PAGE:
Dubbed “The Wizard of Menlo Park”, Thomas Alva Edison was Americ’s most well known and prolific inventor. He amassed a record of 1,093 patents that includes the phonograph, the motion picture camera, and his most significant, the light bulb.
Did you know that in search of a filament for the light bulb, Thomas Edison sought and tried thousands of materials before he finally succeeded? Once, his assistant complained, “All our hard work is in vain. We have gained nothing.” Thomas Edison replied calmly, “We have come a long way and we have learned a lot. We know that there are 2,000 elements that cannot make a good light bulb.”
“Genius is 1% inspiration and 99% perspiration.”
– Thomas Edison
Everyone fails in life at one point or another. If you haven’t already experienced any grand failures, you will, in due course. I am not trying to jinx you or pour cold water on you by saying this. It’s part and parcel of life, it’s an ingredient to success. Everyone drinks from its bitter cup at some point. It’s not optional.
Most people view failures as a defeat. That moment filled with immense disappointment when your goals could not be achieved and your dreams seem all but a figment of your imagination. You start to be consumed with self-doubt and wonder if you are really not clever enough, not talented enough. You feel sorry for yourself, feel like quitting because you cannot decide how to redeem yourself.
Well, don’t. Don’t get trapped in the viewpoint that failure is an absolute defeat. Look at it with another angle, focus on the important lessons that you have taken away, see the gaps that you have missed previously. When we fail, we learn, we grow, we mature and we achieve new understandings on life, relationships, business, and people. Such is the case of Thomas Edison who took more than a thousand tries before he successfully developed the light bulb.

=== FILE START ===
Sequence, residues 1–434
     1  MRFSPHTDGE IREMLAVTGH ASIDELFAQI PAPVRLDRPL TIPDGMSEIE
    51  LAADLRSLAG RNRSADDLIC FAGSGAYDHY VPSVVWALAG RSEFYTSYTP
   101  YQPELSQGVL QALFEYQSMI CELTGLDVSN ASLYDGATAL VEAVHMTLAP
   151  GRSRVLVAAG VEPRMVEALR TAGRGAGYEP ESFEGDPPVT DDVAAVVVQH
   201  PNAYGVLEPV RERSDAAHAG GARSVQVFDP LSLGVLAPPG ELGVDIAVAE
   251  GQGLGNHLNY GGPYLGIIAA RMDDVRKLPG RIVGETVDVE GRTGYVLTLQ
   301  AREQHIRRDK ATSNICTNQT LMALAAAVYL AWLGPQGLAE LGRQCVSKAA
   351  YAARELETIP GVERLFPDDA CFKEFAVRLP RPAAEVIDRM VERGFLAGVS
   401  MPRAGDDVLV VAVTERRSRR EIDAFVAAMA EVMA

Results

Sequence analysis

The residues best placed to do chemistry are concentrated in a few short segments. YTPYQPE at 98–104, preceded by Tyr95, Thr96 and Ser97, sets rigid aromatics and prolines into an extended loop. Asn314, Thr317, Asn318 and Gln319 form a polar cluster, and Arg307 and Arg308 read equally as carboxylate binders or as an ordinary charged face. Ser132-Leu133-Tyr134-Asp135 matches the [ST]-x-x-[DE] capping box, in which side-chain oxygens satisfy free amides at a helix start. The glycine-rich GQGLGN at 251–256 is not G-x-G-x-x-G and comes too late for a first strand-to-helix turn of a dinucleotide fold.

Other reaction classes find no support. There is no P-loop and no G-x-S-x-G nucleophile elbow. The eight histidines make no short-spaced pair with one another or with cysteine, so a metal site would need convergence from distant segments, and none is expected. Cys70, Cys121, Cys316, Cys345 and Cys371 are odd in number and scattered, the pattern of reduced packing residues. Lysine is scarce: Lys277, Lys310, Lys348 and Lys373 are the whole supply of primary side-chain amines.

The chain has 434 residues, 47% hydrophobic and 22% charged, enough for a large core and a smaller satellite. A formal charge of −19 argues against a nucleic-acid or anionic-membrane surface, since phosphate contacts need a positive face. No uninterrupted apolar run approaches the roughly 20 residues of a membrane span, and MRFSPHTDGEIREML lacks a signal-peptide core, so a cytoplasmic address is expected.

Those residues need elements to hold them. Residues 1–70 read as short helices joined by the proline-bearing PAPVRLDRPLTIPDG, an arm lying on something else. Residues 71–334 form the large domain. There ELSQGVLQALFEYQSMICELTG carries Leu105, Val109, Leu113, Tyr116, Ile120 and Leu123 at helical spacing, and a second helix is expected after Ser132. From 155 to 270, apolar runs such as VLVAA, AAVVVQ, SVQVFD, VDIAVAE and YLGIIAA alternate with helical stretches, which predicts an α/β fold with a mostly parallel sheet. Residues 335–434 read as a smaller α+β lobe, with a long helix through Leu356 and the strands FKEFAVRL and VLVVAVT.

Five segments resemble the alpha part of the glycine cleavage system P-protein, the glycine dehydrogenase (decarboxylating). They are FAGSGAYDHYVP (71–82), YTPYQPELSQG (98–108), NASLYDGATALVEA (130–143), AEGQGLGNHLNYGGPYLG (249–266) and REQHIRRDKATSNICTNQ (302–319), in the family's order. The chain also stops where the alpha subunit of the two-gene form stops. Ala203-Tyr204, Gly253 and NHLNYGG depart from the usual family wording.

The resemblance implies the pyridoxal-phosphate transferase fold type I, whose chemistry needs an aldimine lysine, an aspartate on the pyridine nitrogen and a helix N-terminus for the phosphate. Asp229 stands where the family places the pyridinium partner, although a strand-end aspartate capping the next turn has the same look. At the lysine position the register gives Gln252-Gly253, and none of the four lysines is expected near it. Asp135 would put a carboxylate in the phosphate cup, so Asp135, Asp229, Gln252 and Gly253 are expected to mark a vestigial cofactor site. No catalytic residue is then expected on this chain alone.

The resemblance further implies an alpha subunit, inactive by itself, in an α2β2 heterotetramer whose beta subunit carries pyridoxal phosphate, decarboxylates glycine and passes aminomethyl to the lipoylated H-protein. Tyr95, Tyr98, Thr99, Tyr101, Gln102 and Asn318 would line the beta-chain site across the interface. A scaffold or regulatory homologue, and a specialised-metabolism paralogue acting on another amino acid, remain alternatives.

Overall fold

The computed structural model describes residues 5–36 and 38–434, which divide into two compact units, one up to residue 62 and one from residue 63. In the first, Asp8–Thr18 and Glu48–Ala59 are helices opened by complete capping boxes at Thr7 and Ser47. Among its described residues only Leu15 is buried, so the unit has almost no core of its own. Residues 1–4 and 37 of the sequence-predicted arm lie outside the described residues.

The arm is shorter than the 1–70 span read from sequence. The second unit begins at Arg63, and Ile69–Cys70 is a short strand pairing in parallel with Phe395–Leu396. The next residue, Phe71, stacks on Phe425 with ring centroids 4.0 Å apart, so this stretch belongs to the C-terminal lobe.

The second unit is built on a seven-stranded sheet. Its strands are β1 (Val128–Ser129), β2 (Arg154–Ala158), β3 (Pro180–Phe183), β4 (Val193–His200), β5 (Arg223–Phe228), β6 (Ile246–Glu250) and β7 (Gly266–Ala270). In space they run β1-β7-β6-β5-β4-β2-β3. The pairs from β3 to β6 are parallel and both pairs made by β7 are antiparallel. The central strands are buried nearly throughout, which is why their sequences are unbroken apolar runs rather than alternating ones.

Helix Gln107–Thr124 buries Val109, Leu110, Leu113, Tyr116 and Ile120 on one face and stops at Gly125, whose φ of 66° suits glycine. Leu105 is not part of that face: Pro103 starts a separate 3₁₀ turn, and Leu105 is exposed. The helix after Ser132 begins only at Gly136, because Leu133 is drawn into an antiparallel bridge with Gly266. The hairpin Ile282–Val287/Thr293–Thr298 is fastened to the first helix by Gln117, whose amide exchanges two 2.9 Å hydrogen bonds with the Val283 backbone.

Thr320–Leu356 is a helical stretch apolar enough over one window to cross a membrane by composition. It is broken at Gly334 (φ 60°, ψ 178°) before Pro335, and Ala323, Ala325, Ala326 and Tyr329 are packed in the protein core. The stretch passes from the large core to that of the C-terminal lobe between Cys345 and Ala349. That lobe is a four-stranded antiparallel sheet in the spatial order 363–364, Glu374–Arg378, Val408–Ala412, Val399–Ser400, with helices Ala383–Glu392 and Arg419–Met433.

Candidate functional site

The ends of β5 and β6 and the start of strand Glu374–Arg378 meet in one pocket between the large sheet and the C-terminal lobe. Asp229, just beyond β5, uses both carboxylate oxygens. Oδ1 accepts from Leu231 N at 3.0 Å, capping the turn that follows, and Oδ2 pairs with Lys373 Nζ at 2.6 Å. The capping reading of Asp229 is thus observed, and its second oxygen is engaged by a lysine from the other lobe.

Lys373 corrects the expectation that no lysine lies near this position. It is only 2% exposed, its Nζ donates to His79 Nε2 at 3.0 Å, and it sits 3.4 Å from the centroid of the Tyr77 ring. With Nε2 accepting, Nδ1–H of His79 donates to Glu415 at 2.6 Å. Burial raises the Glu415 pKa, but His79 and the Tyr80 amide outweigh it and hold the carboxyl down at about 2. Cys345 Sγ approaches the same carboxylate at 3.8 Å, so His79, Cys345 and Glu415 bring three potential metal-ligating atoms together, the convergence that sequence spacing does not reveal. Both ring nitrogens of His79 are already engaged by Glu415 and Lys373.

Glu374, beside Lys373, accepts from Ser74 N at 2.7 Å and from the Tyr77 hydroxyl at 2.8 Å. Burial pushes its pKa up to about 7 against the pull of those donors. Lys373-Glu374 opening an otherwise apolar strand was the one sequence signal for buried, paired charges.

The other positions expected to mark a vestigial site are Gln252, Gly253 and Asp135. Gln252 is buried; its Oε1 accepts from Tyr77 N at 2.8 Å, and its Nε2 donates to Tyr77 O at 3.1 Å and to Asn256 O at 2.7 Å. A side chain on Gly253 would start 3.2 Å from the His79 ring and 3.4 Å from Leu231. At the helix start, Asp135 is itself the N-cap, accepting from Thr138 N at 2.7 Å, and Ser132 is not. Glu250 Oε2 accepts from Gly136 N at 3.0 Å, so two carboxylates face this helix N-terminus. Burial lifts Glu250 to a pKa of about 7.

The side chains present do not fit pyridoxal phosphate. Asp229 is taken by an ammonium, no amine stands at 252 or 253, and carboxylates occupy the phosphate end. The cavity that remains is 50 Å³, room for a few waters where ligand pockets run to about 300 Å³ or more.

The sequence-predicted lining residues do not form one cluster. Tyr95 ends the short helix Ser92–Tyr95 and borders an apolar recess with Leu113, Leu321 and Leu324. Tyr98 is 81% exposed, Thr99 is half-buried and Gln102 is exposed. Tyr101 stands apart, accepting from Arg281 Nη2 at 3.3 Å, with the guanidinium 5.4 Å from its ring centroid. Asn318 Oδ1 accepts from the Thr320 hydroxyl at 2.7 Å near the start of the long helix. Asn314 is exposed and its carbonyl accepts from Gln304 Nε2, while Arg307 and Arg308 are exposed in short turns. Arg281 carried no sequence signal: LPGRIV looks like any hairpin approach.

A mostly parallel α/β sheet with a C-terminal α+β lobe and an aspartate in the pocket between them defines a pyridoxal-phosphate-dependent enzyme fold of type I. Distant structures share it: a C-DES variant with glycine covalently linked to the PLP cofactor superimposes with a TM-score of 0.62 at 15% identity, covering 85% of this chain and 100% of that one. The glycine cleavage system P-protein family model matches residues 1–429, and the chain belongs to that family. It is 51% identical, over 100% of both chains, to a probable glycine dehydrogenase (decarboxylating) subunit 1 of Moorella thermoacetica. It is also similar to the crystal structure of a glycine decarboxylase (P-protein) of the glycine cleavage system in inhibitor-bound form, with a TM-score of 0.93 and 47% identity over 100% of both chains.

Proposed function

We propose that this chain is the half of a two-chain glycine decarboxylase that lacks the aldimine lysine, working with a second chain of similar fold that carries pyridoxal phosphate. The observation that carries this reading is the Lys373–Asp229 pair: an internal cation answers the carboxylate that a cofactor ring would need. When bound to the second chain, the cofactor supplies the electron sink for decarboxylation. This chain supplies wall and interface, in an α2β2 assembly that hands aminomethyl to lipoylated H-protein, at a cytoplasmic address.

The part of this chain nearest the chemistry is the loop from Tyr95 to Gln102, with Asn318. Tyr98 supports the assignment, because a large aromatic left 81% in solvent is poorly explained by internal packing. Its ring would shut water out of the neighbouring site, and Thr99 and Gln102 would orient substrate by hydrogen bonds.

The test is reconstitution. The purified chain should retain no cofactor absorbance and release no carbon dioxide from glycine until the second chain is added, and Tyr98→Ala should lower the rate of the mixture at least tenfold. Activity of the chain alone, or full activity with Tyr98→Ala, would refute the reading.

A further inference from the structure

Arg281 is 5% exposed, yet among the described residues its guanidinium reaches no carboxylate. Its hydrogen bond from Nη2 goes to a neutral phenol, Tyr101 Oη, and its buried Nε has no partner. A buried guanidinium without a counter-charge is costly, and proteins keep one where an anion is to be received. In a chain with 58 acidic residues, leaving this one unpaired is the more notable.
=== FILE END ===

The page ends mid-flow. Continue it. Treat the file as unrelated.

The only thing worse than failing is not learning from it
A failed experience delivers a great lesson that forces us to make new connections and link the dots that we had missed. We learn more from our failures than from our success. A glass is either half full or half empty, depending on how you look at it. So start viewing your failures from a different perspective!
Failure does not mean everything is over, it means you have a chance to try again with new experience.
Failure does not mean you haven’t achieved anything, it means you have learned lessons along the way.
Failure does not mean you don’t have what it takes, it means you have to use another approach.
Failure doesn’t mean humiliation and disgrace, it means you have the courage and strength to explore and experience.
Failure doesn’t mean you are not making the right decisions, it means you just have to make a different one.
Failure is not falling down, it is refusing to get up.
Failure is not a dead-end street, it is just a detour.
Failure is not a tattoo, it is just a bruise.
Many of life’s failures are people who did not realize how close they were to success when they gave up.
– Thomas Edison